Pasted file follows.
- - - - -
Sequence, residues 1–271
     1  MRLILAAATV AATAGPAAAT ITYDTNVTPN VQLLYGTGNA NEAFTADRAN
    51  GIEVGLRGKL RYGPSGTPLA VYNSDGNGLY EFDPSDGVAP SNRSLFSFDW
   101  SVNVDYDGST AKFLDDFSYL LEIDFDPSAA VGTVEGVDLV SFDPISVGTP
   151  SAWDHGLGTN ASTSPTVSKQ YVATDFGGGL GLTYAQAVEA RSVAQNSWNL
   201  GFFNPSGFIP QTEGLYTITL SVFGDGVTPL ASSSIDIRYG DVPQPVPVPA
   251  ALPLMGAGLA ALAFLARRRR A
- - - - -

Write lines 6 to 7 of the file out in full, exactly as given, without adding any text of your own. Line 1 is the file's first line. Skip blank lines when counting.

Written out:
   201  GFFNPSGFIP QTEGLYTITL SVFGDGVTPL ASSSIDIRYG DVPQPVPVPA
   251  ALPLMGAGLA ALAFLARRRR A